Indeed, Seconds is very clearly about males in crisis, given that the two key females — Reid as Randolph’s wife, and Jens as Hudson’s free-spirited new lover — are ultimately supporting players in his story, and the nefarious “company” is run by (white, middle-aged) men. Blinder writes that Ely’s novel “was inspired by a startling statistic: At the time, 80,000 middle-aged American men left their wives and children each year, never to return”, causing Ely to hypothesize “that big business might want to capitalize on the legion of wealthy men”. The somewhat opaque workings of “The Company” provide a chilling example of fatal coercion in marketing, given that new members are not-so-subtly “encouraged” to name another potential client for the expensive underground procedure before they’re allowed to move on to another “level”. Hudson’s ultimate refusal to “name names” is a poignant tribute to the blacklisted actors brought out of obscurity to play either supporting (Jeff Corey, Will Geer) or central (John Randolph) roles. There is much more to say and discuss about Seconds, but simply put, it remains must-see viewing: steel yourself.

Note: Seconds is often referred to as the third of Frankenheimer’s “paranoia trilogy”, following The Manchurian Candidate (1964) and Seven Days in May (1964).

Redeeming Qualities and Moments:

  • Saul Bass’s opening title sequence
  • Rock Hudson as reborn Arthur
  • John Randolph as older Arthur
  • Fine supporting performances by Will Geer and others

  • James Wong Howe’s superb cinematography

  • Jerry Goldsmith’s score

Must See?
Yes, as a cult classic.


  • Cult Movie
  • Oscar Winner or Nominee

(Listed in 1001 Movies You Must See Before You Die)


One thought on “Seconds (1966)

  1. A once-must, at least, for its unique place in cinema and for Hudson’s image-breaking performance.

    As part of Frankenheimer’s ‘paranoia trilogy’, this could be the most ‘feel bad movie’ of the 3 because it seems so personal – in the sense that its focus is on a kind of everyday guy who has become disillusioned with life and simply wants something better for himself…only to end up with something much worse.

    Even though it does flirt with sci-fi horror in some sense (the film does kind of defy categorization) and could easily be viewed as an extended episode of The Twilight Zone, there’s still enough stark realism for it to pass as a regular drama. As drama, it holds a certain relationship to films by Cassavetes…things like ‘Faces’ and ‘Husbands’. ~which is why I think even many confirmed film fanatics hesitate to sing its praises; drama that becomes heavily angst-ridden (as opposed to mainly plot-driven) seems to turn off a lot of viewers. As fascinating as ‘Seconds’ is on a number of levels, it’s also relentless in its ‘Abandon All Hope’ approach.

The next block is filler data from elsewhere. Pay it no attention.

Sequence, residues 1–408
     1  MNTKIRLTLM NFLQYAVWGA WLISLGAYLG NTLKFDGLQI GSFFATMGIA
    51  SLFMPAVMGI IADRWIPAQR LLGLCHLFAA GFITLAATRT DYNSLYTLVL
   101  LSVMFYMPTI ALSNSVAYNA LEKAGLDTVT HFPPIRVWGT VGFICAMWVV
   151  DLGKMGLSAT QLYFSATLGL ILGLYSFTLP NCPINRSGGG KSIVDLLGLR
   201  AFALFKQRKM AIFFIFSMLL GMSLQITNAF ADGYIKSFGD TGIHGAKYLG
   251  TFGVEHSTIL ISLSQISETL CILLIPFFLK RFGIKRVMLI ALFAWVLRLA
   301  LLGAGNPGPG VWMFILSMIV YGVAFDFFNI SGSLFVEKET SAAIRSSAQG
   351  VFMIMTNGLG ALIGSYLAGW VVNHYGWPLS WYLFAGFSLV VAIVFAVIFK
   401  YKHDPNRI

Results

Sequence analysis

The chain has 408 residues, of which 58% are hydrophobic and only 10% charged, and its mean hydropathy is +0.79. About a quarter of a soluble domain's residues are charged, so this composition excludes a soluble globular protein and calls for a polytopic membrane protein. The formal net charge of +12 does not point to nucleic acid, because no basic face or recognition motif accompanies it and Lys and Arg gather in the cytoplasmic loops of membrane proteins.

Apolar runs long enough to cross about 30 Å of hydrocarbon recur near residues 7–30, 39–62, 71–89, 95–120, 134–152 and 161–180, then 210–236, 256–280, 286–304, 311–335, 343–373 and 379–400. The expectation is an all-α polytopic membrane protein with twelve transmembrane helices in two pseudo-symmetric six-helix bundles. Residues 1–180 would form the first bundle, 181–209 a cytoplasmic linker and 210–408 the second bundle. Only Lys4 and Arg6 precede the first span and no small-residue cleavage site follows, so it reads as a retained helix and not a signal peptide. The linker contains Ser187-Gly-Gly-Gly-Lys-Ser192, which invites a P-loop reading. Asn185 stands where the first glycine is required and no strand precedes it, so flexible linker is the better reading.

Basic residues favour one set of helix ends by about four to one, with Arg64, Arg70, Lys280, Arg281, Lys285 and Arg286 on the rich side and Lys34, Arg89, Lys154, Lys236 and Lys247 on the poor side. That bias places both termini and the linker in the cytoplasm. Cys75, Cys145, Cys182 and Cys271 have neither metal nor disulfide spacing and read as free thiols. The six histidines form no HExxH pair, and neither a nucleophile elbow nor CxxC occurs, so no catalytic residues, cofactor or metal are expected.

I have a certain fondness for the film because it’s one of three Hudson flicks (the other two being ‘Lover Come Back’ and ‘Ice Station Zebra’) which helped to inspire my play ‘My Night with Rock Hudson’. It was particularly helpful to me since, of all of his films, ‘Seconds’ is the one that seems to give us the most revealing look at Hudson the man as well as Hudson the actor (although for more specific details about the real Hudson, one would have to consult a few of the interesting books about him for the info which clearly separates him from the heterosexual man he plays in Frankenheimer’s film).

    On the DVD, Frankenheimer’s widow – Evan Evans – gives additional insight on Frankenheimer’s experience in making the film. She also points out its terrible reception at Cannes, where it was met with booing – which, to me, seems a bizarre reaction on the part of an audience at Cannes. I could probably understand that kind of reaction if it came from the audience at, say, a multiplex. But a more-sophisticated audience like the one at Cannes? That, to me, says something a bit more strange than the film itself.